Lady Aeraillia did not marry for love. She spent the first years of her marriage establishing her household, learning her way about the mansion, and finding her voice among the servants. Much of what we viewed as her “coming of age” was more to do with her internal revulsion at having to do her wifely duty for her husband. Not that Lord Aerallia was a terrible man, he wasn’t. He was a kind and thoughtful land baron who executed his obligations, smoked only in his study, and was never so intoxicated that he was unable to climb the stairs himself. She knew he was a good man, but his hands were coarse, and his manner brief. They almost never discussed anything unless he had a problem with something she had overseen, or failed to attend to.
It was several years later, well into the public life of Lord and Lady that Madame Aerallia found herself wandering the gardens, clipping rosebuds whose petals were found days later, dry and curled in the pockets of her aprons, warm coats, and at times beside her bed. She would mutter the verse of Keats (who never did put his scarf on… bastard!) from very far away, and dreamt in paragraphs of Stendhal where palms were pressed and heartbeats raced, or images from Constantinople which she was forbidden to see, but had stolen and devoured without being betrayed. She would awake in the middle of the night, soaking wet and feverish and spend the quiet mornings saying soft prayers for the happy few.
Lady Aerallia had not married for love, it’s true, and the world appeared to understand these feelings. But it seemed as though had come to some other arrangements. Only an embarrassment to the family would consider doing anything other than what she had done. She had done exactly what was expected of her, and everyone considered her to be quite fortunate indeed.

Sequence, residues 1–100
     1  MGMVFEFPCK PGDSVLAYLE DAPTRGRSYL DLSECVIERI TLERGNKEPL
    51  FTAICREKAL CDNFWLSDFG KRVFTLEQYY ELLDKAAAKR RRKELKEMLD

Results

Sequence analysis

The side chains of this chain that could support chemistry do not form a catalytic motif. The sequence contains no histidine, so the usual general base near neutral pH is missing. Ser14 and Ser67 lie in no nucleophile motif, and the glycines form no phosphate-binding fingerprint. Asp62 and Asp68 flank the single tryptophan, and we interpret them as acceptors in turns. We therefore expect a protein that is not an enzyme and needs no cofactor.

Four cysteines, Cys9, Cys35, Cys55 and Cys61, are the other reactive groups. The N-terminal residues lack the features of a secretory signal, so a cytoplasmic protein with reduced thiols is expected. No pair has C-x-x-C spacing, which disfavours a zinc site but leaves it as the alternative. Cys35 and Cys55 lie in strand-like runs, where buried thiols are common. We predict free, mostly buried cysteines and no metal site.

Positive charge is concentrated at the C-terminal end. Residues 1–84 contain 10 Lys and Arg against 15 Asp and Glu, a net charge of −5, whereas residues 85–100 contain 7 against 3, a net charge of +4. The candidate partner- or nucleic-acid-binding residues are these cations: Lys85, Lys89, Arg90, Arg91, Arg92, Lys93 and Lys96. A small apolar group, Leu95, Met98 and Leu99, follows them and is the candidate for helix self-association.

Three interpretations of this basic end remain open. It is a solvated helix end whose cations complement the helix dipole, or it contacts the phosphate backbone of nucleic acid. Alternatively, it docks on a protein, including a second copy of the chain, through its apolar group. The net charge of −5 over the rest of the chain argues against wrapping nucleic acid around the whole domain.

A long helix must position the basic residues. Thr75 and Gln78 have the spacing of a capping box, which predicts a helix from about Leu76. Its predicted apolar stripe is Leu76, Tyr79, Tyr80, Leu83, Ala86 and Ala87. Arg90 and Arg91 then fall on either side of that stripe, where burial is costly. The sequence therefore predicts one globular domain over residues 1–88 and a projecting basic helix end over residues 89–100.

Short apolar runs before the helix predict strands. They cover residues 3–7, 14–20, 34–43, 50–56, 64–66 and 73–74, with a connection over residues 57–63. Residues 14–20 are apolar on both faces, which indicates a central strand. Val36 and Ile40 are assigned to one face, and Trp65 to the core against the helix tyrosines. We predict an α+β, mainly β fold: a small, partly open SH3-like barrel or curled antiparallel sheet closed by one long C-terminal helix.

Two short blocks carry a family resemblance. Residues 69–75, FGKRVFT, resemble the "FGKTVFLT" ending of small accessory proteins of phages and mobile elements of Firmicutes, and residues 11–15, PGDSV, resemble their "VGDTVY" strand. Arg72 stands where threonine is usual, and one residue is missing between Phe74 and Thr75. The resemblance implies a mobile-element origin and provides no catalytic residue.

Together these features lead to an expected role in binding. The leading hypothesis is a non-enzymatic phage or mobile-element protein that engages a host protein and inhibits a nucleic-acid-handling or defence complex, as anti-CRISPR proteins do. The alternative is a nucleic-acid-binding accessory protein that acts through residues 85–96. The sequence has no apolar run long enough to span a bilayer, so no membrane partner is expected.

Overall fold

And yet we make heros of beautiful women who surrender to what comes next… It is heroic to stay, to find decency and respect. It is heroic to leave, from this place of property into who knows what. The moral of the story seems to always be correct. No matter if she loves the gardener, the wife of the preacher, or having condemned the world, resumes her duty and tromps off into the mud of middle age without passion. She is smart for taking the money, stupid for following her heart, lucky if she gets away with it, blessed if she discovers love among the ruins. We cheer as she discovers herself, and does as she pleases… this is what men do, and why shouldn’t a woman do the same?
At middle age myself, perhaps more than the middle of my age… I find that there is no such thing as happily ever after. We do not arrive at some point of awareness and then continue forward as if the point in time is upon us, we are full, done, ding, and from here on out this existence will be a flat line of joy and lack surprises beyond the birth of grandchildren, and the ever blossoming fruit of our labor. No. Perhaps happily ever after means that the rest of the chapter went well. But the book is long, much too long to sit and read in one afternoon.